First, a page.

Call for support

Suva King’s wharf. Plans are in progress to phase out HCFCs used by fi shing vessels. Picture: FILE/ ELIKI NUKUTABU

STAKEHOLDERS from the fishing industry plan to request Government for some support in complying with the phase out of hydrochlorofluorocarbon (HCFC) from fishing vessels.

Concerns were raised by fishing vessel companies and refrigeration companies on how the change will impact their business because the change required them to replace the refrigeration systems being used on the fishing boats.

The Ministry of Waterways and the Department of Environment held a Fisheries Sector Consultation workshop which focused on the need to phase out HCFC from fishing vessels and explore avenues for suitable environment friendly alternatives.

Ministry’s permanent secretary Joshua Wycliffe said the significance of the workshop was to update Fiji’s position to the fishing industry stakeholders because they used a lot of refrigerants to store the fish that they catch.

Mr Wycliffe said Fiji had ratified to the Montreal Protocol and because of this obligation the Government had targets of reducing use of HCFC which played a role in ozone depletion.

According to Mr Wycliffe the consultation also educated the industry stakeholders on the harmful impact of the gases on the marine species and the environment and raised awareness among them on the various options that were available.

The deadline for the phase out to 35 per cent is 2030 and fishing companies have been urged to work with the Ministry of Fisheries and Department of Environment in achieving the target.

Hydrochlorofluorocarbon (HCFC) Phase Out Management Plan (HPMP) officer Alisi Kamaiwaqa said they had started with the preparatory plans to encourage the stakeholders to follow the plan and had also brought in a consultant to work with them to find out what would be the best alternative.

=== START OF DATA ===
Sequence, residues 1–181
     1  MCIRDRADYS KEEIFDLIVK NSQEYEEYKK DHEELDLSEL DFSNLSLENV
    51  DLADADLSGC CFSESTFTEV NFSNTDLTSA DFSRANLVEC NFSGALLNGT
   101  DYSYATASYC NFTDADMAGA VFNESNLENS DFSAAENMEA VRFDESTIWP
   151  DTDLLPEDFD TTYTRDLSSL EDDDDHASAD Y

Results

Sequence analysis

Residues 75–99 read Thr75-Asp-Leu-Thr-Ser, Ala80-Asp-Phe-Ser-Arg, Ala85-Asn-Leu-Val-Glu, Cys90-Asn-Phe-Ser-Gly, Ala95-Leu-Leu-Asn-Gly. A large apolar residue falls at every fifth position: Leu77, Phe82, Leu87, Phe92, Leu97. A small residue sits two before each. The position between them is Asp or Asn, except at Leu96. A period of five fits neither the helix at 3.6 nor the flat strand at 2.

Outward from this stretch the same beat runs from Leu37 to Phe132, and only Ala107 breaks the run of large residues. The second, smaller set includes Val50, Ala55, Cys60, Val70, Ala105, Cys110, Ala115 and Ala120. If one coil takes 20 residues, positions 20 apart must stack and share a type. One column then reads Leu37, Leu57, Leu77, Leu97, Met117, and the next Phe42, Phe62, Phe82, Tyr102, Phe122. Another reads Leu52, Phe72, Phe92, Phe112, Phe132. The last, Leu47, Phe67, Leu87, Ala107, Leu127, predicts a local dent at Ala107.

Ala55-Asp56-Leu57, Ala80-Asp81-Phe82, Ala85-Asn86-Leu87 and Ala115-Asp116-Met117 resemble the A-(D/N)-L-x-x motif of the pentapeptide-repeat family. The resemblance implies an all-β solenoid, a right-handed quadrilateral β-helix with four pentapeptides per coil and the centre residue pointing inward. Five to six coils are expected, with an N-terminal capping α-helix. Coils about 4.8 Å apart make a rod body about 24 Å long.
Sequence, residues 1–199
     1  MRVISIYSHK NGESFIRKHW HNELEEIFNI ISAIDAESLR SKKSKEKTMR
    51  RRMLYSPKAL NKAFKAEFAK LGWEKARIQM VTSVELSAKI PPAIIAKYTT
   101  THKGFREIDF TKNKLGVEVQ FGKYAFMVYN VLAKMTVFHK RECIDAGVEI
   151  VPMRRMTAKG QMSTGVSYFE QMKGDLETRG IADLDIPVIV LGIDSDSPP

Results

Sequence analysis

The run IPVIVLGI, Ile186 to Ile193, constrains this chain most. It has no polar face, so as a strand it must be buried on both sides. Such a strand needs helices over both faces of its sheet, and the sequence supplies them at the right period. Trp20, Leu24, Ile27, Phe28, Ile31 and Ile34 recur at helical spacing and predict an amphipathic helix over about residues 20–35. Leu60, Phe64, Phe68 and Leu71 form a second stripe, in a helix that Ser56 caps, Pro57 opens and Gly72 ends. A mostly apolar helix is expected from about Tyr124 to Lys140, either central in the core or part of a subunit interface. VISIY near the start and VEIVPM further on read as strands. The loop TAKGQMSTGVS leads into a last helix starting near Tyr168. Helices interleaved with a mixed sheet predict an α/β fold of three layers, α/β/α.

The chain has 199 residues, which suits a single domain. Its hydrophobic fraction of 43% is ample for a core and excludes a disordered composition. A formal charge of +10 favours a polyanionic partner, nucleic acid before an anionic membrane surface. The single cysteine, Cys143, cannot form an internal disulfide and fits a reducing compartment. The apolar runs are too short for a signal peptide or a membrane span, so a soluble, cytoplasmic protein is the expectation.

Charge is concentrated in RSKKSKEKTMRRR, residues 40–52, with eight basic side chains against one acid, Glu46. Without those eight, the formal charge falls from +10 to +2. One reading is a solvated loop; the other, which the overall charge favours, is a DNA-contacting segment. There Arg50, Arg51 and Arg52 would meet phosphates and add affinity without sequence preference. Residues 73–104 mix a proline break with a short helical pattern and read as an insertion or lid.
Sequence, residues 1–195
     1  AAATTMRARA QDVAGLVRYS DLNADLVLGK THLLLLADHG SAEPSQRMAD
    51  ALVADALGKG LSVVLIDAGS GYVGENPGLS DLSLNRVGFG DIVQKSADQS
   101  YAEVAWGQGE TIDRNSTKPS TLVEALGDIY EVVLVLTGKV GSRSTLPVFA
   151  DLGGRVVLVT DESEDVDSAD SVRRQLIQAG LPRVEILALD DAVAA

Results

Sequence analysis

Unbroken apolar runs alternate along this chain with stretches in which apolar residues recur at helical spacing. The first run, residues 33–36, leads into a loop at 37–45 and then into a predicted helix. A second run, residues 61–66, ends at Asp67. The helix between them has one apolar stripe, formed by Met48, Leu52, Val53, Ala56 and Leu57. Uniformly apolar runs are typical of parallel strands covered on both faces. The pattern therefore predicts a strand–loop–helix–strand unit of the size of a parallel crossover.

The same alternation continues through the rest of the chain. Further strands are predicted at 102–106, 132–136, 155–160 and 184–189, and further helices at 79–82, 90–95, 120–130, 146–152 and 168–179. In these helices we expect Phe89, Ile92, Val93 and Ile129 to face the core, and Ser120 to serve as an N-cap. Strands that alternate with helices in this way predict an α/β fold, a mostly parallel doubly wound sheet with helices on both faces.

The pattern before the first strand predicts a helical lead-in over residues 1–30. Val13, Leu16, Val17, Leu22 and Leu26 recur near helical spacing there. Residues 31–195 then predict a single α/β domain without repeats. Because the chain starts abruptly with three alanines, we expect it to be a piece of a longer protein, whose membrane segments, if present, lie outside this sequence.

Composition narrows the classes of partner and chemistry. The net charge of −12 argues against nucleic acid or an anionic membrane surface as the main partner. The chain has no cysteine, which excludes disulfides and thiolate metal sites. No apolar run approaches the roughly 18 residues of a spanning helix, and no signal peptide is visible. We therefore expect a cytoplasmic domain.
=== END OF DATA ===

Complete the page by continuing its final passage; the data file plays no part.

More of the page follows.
Meanwhile Lincoln Refrigeration Pte Ltd human resources manager Ganesh Narayan said it would be feasible if fishing companies scheduled their vessels for servicing on a regular basis — such as on a three monthly basis — which would ensure that refrigeration systems installed in the vessels were working properly.

Mr Narayan said if the refrigeration systems were serviced regularly then there would be minimal leakage of gas.

Speaking from a financial and cost-effective point of view Sunshine Fisheries Ltd financial controller Nilesh Ram said they would not want to lose the quality of their produce but if there was a better alternative to the refrigerants that was being used by the vessels then they would be happy to change their systems.

About Montreal Protocol The Montreal Protocol is a well-established multilateral environmental agreement that is successfully preventing damage to human health and the environment from excessive ultraviolet radiation from the sun by phasing out the production and consumption of substances that deplete the ozone layer.

According to the Department of Environment the Montreal Protocol has been amended several times, most recently by the Kigali Amendment, which is the fifth in a series of amendments to the protocol and was adopted to phase down HFCs, which are frequently used as substitutes for ozone-depleting substances.

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